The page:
It must be something about turning 40 in 2015 that has spawned these reflective posts, but that is where I am so rather than curse the darkness I blog. I just finished my time at Hankuk University of Foreign Studies where I have been proudly employed for the last three years. I left by choice as I needed to steel myself for the coming transition. My wife and I have no idea where we are going next, but we know we need time to make it happen so hence the resignation. I am still working several projects, but those aren’t location specific so time to finish up here in Korea and give it the respect it deserves and then home to the United States for a bit to see family. From there, I don’t know where but I came to grips with the fact years ago that I am of the ilk that finds that uncertainty stimulating.

Yet back to my point. I have finished at my university which means I have finished teaching, and that I will miss most. These last three years has reinvigorated a love of teaching in me that had been dormant for years and has balanced me a bit in terms of my pursuits, hence the subject line of this post. I came to realize that I am also as happy as I have ever been and I think that arose, accidentally, as a result of the counterweight that teaching applied to my other pursuits. I came to realize that there were fields in which I had neglected and am only paying homage to now. So I decided to approach this with some simplistic rigor to reflect on what teaching had indeed provided, and why I stand amongst those who teach and who refuse to bend towards narratives of mere facilitation, devoid of art and innovation. I divided as best as I am able the categories that I felt were needed for my life to have balance, one that spans both the personal and professional.


This is what teaching foregrounded, but had been for years latent, implicit, indirect. I had always felt the need for service of some sort. To give of yourself for the betterment of others, however self-serving that might indeed be (ego, renumeration, identity, etc.), is a noble pursuit. I don’t have any issue saying the word noble there, either. We are all meant to serve, in some way, the larger good and teaching is all that and more. Towards the end of my time at this university, I began to see my role as professor differently. I loved teaching and took it seriously, but I saw this service broaden outside the classroom. I saw my impact being defined through the peripheral activities: recommendations, mentoring, feedback, extracurriculars, and how the following quote (which I posted after the semester in June, 2014) was my way of crystallizing this iterating view of service and how it feeds into the second point.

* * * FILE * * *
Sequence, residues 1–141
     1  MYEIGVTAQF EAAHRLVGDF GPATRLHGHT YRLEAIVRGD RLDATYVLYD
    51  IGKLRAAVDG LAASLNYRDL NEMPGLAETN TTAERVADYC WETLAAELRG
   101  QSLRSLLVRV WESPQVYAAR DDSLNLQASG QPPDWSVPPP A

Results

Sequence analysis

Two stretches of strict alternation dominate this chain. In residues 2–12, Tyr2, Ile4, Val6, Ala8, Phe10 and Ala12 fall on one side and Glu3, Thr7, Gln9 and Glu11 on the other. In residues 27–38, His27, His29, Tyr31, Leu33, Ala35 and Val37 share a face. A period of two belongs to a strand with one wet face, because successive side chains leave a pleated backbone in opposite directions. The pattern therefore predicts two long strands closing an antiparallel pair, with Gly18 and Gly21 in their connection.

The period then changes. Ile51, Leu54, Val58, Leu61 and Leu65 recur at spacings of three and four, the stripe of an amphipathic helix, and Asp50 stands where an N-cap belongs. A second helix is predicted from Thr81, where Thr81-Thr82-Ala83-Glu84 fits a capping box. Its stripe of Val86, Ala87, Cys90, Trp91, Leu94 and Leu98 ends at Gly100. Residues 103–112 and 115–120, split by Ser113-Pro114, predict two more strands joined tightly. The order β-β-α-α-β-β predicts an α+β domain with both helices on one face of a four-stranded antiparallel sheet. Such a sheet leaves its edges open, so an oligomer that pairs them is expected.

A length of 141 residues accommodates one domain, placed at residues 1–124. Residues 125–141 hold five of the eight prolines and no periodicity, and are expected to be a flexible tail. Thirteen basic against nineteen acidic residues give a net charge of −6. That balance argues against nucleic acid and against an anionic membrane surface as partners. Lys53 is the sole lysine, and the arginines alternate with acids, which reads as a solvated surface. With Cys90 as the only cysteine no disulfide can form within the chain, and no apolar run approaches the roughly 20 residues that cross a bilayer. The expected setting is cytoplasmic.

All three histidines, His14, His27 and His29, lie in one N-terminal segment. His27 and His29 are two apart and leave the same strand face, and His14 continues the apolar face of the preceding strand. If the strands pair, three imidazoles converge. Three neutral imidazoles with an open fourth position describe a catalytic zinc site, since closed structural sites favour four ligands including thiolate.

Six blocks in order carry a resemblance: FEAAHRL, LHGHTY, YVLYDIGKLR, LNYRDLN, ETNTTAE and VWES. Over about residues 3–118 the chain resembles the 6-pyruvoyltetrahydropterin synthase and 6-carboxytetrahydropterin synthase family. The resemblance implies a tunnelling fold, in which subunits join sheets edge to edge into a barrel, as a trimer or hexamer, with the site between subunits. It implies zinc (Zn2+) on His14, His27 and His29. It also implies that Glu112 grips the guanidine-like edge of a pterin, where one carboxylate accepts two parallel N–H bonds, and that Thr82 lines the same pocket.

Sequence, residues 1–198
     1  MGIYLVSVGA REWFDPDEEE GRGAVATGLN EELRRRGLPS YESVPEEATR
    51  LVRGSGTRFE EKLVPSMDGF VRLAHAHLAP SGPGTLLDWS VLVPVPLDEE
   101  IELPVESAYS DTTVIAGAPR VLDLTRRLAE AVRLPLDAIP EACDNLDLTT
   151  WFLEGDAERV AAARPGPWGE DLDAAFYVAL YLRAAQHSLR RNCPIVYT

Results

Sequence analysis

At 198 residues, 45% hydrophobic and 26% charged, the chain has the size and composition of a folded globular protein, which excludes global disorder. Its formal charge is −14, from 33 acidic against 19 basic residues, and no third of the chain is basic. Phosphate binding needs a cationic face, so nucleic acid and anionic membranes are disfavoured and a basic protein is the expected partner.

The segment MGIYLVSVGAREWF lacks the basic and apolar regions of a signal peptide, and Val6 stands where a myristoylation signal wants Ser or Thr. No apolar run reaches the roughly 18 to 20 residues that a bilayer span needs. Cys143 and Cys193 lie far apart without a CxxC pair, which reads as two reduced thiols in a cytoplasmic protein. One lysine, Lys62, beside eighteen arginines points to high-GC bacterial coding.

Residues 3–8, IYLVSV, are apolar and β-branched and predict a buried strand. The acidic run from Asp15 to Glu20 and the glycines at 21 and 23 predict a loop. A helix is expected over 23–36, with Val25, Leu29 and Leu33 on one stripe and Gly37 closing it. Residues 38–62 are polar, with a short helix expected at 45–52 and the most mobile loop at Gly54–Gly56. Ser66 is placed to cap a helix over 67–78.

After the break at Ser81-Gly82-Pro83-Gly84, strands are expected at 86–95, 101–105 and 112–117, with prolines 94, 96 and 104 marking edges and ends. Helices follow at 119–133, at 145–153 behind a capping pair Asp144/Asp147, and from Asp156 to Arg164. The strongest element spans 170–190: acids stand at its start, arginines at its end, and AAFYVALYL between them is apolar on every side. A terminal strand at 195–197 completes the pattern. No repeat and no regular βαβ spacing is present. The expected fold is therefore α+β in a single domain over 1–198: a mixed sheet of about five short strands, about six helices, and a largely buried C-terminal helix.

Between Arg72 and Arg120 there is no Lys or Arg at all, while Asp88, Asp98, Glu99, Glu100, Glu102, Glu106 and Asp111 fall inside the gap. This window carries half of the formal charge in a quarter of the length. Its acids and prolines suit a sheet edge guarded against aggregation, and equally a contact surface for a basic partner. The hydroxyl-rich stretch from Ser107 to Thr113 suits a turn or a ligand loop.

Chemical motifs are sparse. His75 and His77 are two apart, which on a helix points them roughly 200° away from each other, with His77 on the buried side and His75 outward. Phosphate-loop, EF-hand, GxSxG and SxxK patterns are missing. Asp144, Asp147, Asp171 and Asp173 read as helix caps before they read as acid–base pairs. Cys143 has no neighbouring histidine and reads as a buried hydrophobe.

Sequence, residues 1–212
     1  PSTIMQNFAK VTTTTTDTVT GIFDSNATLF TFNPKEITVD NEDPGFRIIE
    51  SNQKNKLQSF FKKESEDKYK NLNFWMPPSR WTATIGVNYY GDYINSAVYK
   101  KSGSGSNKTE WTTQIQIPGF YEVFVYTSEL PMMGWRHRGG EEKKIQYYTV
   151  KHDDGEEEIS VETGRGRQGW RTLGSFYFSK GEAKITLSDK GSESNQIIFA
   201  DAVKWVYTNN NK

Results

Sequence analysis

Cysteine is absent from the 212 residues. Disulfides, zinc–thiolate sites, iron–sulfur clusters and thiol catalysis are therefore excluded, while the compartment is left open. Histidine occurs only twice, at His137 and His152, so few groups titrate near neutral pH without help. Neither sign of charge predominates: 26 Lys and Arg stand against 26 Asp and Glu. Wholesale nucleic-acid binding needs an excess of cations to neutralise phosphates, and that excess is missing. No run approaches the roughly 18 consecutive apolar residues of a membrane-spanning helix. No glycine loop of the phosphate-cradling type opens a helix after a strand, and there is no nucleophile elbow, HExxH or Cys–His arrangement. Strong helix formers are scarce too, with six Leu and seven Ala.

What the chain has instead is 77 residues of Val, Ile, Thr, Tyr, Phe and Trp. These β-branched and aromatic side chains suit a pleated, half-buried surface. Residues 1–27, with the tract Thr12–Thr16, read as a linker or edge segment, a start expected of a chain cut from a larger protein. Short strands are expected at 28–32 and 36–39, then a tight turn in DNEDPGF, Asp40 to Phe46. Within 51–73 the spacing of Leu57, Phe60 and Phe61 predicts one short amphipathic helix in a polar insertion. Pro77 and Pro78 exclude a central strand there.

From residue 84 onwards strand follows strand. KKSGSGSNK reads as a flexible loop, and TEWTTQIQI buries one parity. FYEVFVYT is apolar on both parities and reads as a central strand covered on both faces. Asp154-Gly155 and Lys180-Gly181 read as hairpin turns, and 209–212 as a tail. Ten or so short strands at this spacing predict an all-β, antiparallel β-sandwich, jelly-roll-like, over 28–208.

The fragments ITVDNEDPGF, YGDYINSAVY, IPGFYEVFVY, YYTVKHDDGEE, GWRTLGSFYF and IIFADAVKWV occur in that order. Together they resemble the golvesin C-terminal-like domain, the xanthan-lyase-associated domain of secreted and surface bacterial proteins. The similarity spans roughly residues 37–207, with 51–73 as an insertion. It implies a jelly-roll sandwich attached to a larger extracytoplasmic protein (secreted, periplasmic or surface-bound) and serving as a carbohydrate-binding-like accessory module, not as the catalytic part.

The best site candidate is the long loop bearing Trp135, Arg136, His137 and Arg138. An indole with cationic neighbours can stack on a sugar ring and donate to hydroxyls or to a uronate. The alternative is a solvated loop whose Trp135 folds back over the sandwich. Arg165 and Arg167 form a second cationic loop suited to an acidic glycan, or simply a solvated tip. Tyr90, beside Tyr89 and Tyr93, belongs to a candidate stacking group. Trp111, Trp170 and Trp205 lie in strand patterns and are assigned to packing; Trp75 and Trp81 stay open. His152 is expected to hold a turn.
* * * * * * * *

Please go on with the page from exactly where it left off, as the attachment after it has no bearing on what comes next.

Marking final exams and submitting final grades and all that and realizing how easy it is to dismiss the quiet students. Amusing, because that is basically dismissing what I was as a student. As a teacher, it is important to acknowledge the contributions of the quiet, introspective ones. Not to inherently value volume over measured substance. Yes, you can be assertive and substantive (and quiet and shallow). But teaching, unfortunately, is a bit of a volume business so easy to overlook those that are comfortable in the silences and shadows. It can be as simple as a line of feedback on email saying that you heard them, you were impressed by them, that they have a voice. Goes a long way.

That all came to me as I sit here and stare at a student roster and am befuddled as to who this one student is. My failure, not theirs.


Sympathy is really the bridge between the personal and the professional, the almost molecular structure that allows for the flow of activity between the informal and the formal, where thoughts become activity, activity becomes practice, and so forth. I developed sympathy through teaching that extended beyond the immediacy of my personal existence (my wife, primarily) and the abstraction of charity or philanthropy. It was real and immediate and as referenced in the quote above, punishing. Even on scale (hundreds of students a semester), I learned how to push beyond my own judgments, to understand what I had missed, and to reflect on my mistakes. And these were not necessarily mistakes of professional practice; I feel comfortable enough in that aspect of my teaching. I know how the classroom works, I know the underlying theory, and I can perform accordingly (and I do believe performance in an undertheorized aspect of teaching that we need to add back to the narrative).